One of Don’s more recent accomplishments is the production of a gallstone the size of a large pecan. It was extracted laparoscopically with considerable effort, and was immediately displayed on the internet with the headline “Geologist Creates his own Rocks”. It is of interest that one might go to such length for immortality. Don’s capability should not be dismissed casually.
With growing fame and popularity it fell upon Don to share his talents across the country, indeed throughout the world. As one who creates his own rocks and flashes art wherever it may be found, he traveled world wide exposing himself to as many as called upon him for service. Don was truly multi-talented, and one could never be certain what he might come up with next. This was indeed the case.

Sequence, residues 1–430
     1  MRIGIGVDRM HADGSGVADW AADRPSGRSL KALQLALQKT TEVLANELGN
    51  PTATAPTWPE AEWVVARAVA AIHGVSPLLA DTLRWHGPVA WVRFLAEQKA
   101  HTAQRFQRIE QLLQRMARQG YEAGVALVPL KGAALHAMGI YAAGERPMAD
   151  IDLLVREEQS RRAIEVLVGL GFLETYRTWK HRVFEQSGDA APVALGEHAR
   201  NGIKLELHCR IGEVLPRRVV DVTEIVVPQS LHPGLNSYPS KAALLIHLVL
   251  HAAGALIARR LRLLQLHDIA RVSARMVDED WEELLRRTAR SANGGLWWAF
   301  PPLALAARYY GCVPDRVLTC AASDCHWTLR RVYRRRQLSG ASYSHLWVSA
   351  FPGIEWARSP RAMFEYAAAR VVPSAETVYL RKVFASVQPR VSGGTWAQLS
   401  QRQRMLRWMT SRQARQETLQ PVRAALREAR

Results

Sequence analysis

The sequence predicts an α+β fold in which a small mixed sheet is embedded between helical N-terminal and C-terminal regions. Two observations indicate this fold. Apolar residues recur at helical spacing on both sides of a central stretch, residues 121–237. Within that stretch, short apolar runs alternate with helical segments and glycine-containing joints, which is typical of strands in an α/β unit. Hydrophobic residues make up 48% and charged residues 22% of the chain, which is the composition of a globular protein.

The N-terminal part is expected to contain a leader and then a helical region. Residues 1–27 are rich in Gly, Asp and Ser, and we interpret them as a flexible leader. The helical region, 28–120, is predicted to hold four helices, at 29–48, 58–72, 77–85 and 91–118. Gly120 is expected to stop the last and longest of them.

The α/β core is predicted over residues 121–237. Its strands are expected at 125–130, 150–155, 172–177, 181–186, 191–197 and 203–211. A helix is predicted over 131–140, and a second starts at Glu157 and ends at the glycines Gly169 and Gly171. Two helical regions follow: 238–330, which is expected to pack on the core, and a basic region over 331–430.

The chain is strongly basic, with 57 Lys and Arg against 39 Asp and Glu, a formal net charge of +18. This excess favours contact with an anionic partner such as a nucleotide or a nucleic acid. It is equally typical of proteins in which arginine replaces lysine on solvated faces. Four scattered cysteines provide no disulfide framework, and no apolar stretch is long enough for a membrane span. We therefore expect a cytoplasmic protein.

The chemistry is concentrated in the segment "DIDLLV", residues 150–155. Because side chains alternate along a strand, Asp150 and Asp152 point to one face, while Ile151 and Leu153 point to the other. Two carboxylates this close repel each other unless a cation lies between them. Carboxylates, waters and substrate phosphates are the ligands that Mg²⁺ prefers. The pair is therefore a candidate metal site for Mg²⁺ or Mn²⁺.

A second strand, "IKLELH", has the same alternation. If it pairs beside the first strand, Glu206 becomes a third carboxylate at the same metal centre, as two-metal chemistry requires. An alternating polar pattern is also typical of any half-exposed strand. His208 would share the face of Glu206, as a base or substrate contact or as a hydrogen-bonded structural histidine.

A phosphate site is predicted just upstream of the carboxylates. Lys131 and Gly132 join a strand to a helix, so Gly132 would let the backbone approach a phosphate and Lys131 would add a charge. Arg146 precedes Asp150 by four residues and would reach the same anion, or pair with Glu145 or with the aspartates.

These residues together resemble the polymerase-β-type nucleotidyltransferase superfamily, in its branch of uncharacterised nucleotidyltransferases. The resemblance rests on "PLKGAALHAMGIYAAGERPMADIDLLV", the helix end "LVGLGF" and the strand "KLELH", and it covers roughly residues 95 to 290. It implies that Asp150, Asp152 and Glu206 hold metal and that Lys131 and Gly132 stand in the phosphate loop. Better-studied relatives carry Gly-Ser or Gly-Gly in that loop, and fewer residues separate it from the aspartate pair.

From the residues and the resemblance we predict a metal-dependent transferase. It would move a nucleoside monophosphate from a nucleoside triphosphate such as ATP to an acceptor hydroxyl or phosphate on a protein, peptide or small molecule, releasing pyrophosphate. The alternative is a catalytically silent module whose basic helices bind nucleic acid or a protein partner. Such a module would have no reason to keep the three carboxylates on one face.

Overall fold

Don was called to serve in Korea, a cold and dismal place one winter. The trip over was uneventful except for the long plane ride next to a person with the most vile of respiratory conditions, assumed to be a form of Asian flu. As the plane was full, there was no place to escape the toxic effluence produced. One tries to avoid breathing, but that lasts a few seconds. Arrival in Korea was an escape he anticipated for hours. While there he went about his usual business, oblivious to the gestation within.
A week into the visit, he started to develop symptoms of his own, laying to rest his concern about catching it. He was caught, and for the next week, with the help of Korea’s noxious winter climate, he developed a full-blown infection in every air passageway above the navel. He became Typhoid Don, and would have hibernated in Korea until it passed except for pressing business at home. The long plane ride back to Kansas City was a dreaded necessity, although on this trip he would be doing the spreading. He found little consolation in scripture proclaiming the virtue of giving. Give he did.